Republican U.S. Senators John McCain and Lindsey Graham, who are not political or personal friends of President Donald Trump, released a joint statement on Sunday condemning the executive order banning Muslims from entering the United States from seven select Muslim countries. The two Senators criticized the Muslim ban issued by the Trump White House, and stated that the ban would only serve to exacerbate the situation, and not accomplish its stated intended purpose of making America safer. The statement went on to say that the "Muslim ban" would only serve to recruit more terrorists.

'Muslim ban' a self-inflicted wound resulting in recruiting more terrorists

The Senators also called the executive order a "self-inflicted wound in the fight against terrorism," according to CNN. They were also critical of the stopping at airports of green card holders. This singling out of green card holders would stop them from returning to the country "they call home." The unintended consequences of the executive order signals that "America does not want Muslims coming into our country." That is the reasoning behind their contention that the "Muslim ban" may do more to help terrorists recruit new members to inflict harm on the United States.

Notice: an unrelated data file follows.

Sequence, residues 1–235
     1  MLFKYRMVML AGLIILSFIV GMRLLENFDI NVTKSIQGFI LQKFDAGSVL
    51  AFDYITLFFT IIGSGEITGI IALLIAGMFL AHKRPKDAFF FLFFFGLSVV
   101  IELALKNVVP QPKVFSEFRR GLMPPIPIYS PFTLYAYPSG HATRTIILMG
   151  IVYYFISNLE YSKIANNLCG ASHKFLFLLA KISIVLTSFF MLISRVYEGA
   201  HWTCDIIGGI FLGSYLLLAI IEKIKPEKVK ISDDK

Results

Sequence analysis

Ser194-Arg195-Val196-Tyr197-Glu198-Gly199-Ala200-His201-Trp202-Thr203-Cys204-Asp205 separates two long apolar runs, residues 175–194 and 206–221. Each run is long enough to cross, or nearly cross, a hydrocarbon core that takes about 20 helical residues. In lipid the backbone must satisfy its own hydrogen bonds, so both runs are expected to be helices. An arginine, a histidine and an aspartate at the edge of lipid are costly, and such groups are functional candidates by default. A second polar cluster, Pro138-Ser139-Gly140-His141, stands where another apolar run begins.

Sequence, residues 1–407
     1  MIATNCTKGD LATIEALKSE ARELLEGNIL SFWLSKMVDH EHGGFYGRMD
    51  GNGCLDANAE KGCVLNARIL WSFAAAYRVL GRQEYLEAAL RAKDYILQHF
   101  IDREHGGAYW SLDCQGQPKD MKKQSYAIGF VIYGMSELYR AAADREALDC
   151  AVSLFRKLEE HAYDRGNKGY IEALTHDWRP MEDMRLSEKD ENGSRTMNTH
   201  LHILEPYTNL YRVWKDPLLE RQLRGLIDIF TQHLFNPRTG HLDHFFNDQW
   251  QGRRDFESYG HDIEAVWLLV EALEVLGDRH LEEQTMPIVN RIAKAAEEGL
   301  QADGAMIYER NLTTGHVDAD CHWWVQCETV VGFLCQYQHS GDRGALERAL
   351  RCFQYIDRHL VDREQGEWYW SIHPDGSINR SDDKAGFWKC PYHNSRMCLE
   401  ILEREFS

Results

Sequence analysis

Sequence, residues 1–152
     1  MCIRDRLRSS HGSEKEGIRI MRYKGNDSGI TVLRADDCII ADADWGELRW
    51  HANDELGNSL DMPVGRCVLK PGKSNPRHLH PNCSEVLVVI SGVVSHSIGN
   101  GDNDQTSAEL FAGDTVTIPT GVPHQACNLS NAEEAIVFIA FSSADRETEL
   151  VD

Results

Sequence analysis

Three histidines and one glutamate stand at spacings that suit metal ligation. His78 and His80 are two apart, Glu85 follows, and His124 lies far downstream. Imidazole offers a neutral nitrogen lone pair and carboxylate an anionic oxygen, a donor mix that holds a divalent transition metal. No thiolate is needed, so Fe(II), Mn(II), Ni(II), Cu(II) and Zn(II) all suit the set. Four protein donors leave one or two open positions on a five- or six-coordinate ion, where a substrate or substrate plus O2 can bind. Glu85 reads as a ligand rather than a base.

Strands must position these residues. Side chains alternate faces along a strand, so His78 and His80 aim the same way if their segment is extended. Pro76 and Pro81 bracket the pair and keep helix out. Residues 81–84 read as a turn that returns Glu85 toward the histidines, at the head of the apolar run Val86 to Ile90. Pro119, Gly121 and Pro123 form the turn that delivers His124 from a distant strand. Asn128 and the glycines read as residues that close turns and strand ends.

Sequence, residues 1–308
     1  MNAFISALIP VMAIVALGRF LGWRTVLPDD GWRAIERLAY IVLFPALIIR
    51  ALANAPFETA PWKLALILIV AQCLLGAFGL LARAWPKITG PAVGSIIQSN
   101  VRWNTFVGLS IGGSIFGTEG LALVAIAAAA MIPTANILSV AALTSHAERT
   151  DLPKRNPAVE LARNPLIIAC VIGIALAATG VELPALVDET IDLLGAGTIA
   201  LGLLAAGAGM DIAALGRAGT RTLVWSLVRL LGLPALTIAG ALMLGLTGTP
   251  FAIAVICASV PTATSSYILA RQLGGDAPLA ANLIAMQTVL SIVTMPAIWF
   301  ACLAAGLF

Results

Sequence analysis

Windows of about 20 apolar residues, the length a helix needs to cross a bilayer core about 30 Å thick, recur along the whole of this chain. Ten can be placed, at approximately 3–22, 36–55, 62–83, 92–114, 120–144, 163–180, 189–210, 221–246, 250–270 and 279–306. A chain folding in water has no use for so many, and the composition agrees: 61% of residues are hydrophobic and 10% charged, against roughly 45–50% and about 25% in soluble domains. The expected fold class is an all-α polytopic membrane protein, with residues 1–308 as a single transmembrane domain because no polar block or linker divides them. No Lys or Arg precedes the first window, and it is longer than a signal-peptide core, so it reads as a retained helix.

Trump tweets again, slamming McCain, Graham

President Trump tweeted out his response to U.S.

Senators McCain and Graham. As usual, Trump made it a personal attack instead of addressing the issue at hand. He labeled the two as "sadly weak on immigration." Trump also tweeted that they should focus their energies on "ISIS, illegal immigration and border security." He accused them, ironically, of always looking for ways to start another world war.

Trump defends Muslim order on Facebook

The White House also issued a statement through the press pool and later posted on Facebook, vigorously defending the "Muslim ban" executive order.

In the statement, Trump vehemently denied this was a "Muslim ban." The statement was unconvincing when it went on: "This is not about religion - this is about terror and keeping our country safe." In an attempt for a safer haven, Trump tried to pin this on former President Barack Obama, claiming that he essentially did the same thing "in 2011 when he banned visas for refugees from Iraq for six months."

Federal judges issue stay orders on 'Muslim ban'

Meanwhile, a number of federal judges have issued stay orders on the ban, with varying degrees of success. However, in many cities across America, the protests continue.